When people think of Spain, they most often think of Barcelona and Madrid. Some might be aware enough to think of Sevilla, or Córdoba or maybe even Granada. But for most, small-town Spain falls by the wayside and many beautiful pueblos remain fairly untouched by tourism and and foreigners. But small towns are the heart and soul of Spain. They’re where culture was born and where tradition continues to thrive despite modern advances. For this exact reason I believe that to really get to the heart of a country and it’s people, you must embrace the small town life, it’s beauty as well as it’s flaws.
And there are many of both, beauty and flaws. There is beauty in the way the people’s daily routines seem practically unchanged by the passing of time. There is beauty in the untouched traditions and rituals surrounding food and eating. You can feel the history guiding the daily routines. But unfortunately this often means that the closed-mindedness of the past lingers in the present and it can be difficult to open peoples’ eyes to new ways of doing things.
Although as a modern United Statesian (yes, I’m inventing that word; apparently the US was absent and got shafted the day they handed out nationality adjectives) it can be frustrating at times to live in a small town, how else would we learn the intricacies and rhythms of families rooted deep in the past, and of a culture holding true to traditions which sprouted centuries ago. Not to mention the wonders a small town will do for your language and communication skills.
When I got assigned through the Auxiliares de Conversación program to work in Arcos de la Frontera, I could never have anticipated the journey that lay ahead. Luckily, I wasn’t scared off by it’s 30,000 person population; in fact when I googled pictures of my soon-to-be-home I was captivated… this place is seriously beautiful!
I was obviously nervous about the move in itself; how could I not be when all of my friends were heading off to grad school or starting their “adult” lives in 9-5 jobs and getting married. It felt a bit like running away, like putting off the big decisions until a later date. However, my last two years spent in this little town that I now claim as my own have affirmed that I made the right decision. Who am I kidding? I’m not cut out for life in an office and I’m definitely not ready (will I ever be??) to go to grad school. Right now, being here is what feels right.
I sometimes think about how this experience would have been different had I been placed in a bigger city like Madrid. Would my Spanish have improved this much? Would I feel like a part of the community? Is there even a community feel in a big city? Would the majority of my friends be Spanish, or would I have sought refuge with the familiar English speaking crowd? Would I have found love while dressed as Pikachu? Would Spain feel like home?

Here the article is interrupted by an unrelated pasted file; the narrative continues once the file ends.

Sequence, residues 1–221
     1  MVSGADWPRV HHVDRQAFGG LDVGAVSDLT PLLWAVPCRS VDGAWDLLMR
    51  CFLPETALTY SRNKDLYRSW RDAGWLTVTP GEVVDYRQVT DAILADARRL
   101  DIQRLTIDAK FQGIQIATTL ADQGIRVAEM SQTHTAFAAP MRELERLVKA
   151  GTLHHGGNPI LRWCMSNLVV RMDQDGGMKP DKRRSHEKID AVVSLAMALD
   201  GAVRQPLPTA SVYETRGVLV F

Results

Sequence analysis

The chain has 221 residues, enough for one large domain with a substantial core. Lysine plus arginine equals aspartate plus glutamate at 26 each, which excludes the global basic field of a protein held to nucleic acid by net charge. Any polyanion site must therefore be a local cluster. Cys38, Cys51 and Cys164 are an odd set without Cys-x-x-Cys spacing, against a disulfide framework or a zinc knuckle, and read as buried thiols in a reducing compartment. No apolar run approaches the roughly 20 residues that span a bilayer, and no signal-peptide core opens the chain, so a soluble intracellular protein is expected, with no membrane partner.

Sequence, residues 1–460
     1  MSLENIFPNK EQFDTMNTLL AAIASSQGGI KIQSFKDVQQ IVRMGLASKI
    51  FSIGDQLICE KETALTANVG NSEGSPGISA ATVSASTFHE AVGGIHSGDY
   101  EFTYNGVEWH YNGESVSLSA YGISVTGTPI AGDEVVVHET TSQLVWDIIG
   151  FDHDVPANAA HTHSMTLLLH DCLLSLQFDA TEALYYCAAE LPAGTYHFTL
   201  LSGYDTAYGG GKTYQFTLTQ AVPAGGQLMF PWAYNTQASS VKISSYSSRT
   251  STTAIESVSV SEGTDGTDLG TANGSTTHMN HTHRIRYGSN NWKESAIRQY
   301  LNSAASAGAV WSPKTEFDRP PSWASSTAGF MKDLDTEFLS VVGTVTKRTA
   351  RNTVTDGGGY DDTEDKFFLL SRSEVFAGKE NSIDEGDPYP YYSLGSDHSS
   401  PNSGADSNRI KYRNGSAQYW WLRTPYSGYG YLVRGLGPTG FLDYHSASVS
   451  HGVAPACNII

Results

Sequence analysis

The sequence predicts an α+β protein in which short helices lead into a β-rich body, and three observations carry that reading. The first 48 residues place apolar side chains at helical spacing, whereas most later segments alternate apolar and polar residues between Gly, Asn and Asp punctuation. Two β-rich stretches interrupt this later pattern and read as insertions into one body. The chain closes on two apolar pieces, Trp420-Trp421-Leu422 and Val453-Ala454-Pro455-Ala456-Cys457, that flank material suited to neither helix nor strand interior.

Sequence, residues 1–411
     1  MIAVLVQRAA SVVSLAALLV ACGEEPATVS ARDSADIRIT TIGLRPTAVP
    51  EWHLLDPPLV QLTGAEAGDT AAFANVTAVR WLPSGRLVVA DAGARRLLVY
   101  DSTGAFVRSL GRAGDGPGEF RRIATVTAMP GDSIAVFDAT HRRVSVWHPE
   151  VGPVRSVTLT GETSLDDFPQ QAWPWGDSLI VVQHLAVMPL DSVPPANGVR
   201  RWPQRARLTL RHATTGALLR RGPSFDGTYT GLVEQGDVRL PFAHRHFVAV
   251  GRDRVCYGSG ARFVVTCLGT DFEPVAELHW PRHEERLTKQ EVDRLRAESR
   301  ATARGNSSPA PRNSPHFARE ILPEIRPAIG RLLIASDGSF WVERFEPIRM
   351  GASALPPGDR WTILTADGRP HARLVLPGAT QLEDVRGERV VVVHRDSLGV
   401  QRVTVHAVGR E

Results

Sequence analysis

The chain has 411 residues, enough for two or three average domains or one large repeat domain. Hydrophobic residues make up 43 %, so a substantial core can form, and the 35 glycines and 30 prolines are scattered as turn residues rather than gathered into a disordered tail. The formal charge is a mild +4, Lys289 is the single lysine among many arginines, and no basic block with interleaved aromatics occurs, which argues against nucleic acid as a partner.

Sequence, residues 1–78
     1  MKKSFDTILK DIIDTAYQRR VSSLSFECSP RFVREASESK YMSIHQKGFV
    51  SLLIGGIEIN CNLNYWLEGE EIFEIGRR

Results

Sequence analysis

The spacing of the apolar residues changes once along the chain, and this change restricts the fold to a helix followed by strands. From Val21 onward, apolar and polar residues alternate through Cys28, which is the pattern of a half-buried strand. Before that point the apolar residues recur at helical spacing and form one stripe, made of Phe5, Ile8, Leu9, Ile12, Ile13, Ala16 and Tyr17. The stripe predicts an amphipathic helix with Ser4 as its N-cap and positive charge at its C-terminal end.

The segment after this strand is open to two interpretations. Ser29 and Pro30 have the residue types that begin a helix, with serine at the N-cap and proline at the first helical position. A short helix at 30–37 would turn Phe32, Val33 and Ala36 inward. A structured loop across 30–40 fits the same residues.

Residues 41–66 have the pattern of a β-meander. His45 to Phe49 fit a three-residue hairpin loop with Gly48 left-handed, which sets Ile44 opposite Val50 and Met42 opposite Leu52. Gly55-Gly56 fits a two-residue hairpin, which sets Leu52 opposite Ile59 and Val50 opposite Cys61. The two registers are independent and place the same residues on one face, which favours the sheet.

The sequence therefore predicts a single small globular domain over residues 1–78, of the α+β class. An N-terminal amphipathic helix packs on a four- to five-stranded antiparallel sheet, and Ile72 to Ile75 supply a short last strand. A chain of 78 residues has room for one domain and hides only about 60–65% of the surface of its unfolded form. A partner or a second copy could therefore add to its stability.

I think the answer to many of my questions is “no”. No, my Spanish wouldn’t be as good. No, I wouldn’t have been able to spark romance dressed as a Pokemon, and no, I just don’t think that Spain would feel like home. Like that real down-home-I’m-comfortable-and-in-my-niche home.
So, what am I getting at here? When I hear about people (auxiliares) that have been assigned to smaller towns and are scrambling for ways to get out (commute an hour to Seville? are you cray cray??) it makes me sad! I want to impart my wisdom: small towns are great! The authenticity of a small town can’t be matched, nor do I think you can truly become a member of the community in a large city. Of course I get it. A city has more to do, more English speakers to befriend, more stores, more restaurants, etc. But what’s better than becoming a regular at your favorite bar? Honestly, I don’t even have to utter the words” un Barceló light” anymore because the bartender already knows and he never forgets the straw, and the waiters at our favorite “American” food joint always bring us extra ketchup packets. Not to mention that I save so much money for traveling because there’s nowhere to shop here! I love walking down the street and running into friends, or students, or co-workers, and I love the relaxed atmosphere that seems to always be hanging around a small town.
So maybe the small town life isn’t for everyone. But it’s probably for you if you’re willing to give it a chance.
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